© Reuters. FILE PHOTO: A worker assembles an industrial valve at Emerson Electric Co.’s factory in Marshalltown Iowa

By Greg Roumeliotis

(Reuters) – Hedge fund D.E. Shaw & Co is building a stake in Emerson Electric Co (N:) and is planning to push for changes, including a potential split-up of the U.S. industrial conglomerate, people familiar with the matter said on Friday.

Emerson, which pursued an unsuccessful $29 billion acquisition bid for peer Rockwell Automation Inc (N:) two years ago, has long been seen as a potential break-up candidate among investors and analysts. Its automation solutions business serves mostly industrial clients, while its remaining divisions cater primarily to commercial and residential markets.

D.E. Shaw is in the process of building a position in Emerson as it prepares to pressure the company to pursue a split and other changes, the sources said.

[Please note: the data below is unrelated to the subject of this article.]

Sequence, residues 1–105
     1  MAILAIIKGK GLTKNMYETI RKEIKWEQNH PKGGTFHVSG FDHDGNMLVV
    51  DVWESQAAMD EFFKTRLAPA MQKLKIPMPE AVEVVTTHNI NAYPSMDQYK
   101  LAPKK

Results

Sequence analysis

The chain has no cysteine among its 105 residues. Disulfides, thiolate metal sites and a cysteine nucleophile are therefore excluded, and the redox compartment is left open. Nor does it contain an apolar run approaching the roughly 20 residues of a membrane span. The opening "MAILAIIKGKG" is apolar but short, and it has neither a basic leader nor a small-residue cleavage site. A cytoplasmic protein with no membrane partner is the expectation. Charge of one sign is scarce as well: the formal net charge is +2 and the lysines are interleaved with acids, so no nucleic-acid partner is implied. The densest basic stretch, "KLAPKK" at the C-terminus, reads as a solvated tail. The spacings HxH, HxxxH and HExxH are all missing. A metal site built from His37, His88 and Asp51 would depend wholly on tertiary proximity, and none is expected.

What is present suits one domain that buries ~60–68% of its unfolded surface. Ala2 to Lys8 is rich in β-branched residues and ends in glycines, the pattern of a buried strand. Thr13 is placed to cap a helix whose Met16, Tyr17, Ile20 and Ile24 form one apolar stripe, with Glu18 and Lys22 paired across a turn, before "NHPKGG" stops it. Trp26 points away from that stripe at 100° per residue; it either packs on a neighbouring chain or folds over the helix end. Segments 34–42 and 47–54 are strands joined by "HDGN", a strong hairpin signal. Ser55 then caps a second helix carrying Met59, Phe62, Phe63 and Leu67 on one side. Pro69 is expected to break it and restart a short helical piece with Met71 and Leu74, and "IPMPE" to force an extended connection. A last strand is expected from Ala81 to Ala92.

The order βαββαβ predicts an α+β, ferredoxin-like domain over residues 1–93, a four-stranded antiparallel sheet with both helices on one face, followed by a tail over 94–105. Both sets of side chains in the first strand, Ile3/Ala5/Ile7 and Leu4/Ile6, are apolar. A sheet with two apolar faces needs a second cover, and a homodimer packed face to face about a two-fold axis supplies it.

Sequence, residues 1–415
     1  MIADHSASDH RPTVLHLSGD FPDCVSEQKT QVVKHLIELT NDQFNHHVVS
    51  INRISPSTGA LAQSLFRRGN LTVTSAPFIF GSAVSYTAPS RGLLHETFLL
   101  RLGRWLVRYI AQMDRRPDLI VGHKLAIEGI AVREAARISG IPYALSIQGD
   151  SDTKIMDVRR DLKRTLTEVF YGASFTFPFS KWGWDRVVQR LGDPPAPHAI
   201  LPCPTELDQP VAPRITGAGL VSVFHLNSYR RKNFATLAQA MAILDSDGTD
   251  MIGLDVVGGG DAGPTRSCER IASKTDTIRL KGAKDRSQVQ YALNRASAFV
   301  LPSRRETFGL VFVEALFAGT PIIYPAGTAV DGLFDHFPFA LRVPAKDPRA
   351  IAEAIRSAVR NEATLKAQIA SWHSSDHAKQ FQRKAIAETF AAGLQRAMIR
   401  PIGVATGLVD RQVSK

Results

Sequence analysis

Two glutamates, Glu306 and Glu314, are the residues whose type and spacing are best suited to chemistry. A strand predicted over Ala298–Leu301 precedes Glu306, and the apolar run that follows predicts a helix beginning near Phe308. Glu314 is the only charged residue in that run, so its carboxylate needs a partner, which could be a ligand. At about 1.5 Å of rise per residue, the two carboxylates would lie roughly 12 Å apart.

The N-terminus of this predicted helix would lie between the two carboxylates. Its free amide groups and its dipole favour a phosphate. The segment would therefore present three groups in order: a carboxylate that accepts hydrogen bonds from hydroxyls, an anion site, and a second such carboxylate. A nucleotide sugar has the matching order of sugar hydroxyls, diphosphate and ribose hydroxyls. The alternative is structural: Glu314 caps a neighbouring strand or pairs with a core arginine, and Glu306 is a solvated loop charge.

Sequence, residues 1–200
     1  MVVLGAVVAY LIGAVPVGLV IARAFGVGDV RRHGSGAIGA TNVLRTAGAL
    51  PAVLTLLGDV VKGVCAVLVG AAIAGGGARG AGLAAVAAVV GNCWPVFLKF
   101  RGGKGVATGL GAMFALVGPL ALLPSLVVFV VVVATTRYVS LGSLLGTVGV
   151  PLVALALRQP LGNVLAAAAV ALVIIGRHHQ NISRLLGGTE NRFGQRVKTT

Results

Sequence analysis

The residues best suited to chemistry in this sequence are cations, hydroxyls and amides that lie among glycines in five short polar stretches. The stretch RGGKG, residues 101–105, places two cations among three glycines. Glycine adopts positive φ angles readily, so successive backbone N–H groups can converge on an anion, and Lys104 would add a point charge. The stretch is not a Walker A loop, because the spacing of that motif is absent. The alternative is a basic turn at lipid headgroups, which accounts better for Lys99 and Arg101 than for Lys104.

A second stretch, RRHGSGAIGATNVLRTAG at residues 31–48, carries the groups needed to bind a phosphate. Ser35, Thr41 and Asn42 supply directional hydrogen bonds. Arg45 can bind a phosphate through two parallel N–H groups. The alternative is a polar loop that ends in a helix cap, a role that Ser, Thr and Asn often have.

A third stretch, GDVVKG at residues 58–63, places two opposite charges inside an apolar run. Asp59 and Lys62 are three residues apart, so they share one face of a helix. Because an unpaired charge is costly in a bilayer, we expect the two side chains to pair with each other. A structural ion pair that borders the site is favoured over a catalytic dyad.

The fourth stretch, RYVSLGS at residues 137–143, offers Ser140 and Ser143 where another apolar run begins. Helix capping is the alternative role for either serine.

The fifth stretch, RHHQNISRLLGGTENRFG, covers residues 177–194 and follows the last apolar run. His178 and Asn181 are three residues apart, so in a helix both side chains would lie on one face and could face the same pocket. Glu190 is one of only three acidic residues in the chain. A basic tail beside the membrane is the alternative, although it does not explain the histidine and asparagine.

The sources requested anonymity because the matter is confidential. D.E. Shaw and Emerson declined to comment.

Emerson shares ended trading up 3.4% to $64.40 on the news, giving the company a market capitalization of $41 billion.

Emerson, a diversified manufacturer with $17.4 billion in sales last year, provides dozens of industries with thousands of products, from tools and large industrial valves to refrigeration, lighting and climate control systems.

Emerson’s strength is in process automation, helping power plants and factories in sectors such as mining and cement operate more efficiently. Its commercial and residential solutions businesses supplies products such as air conditioners and refrigeration systems. David Farr has served as the company’s CEO since 2000.

Were Emerson to agree to break up, it would be the latest industrial conglomerate to do so under pressure from an activist shareholder. General Electric Co (N:) has shed many of its divisions following pressure from Trian Fund Management LP, while ThyssenKrupp AG (DE:) agreed to split into two separate companies after being targeted by Elliott Management Corp.

D.E. Shaw has become more active as an activist shareholder in recent years, pursuing changes at companies such as oil and gas explorer EQT Corp (N:) and grains trader Bunge Ltd (N:). Quentin Koffey, who joined D.E. Shaw & Co two years ago from Elliott to lead its shareholder activism strategy, left in May to join Senator Investment Group LP.

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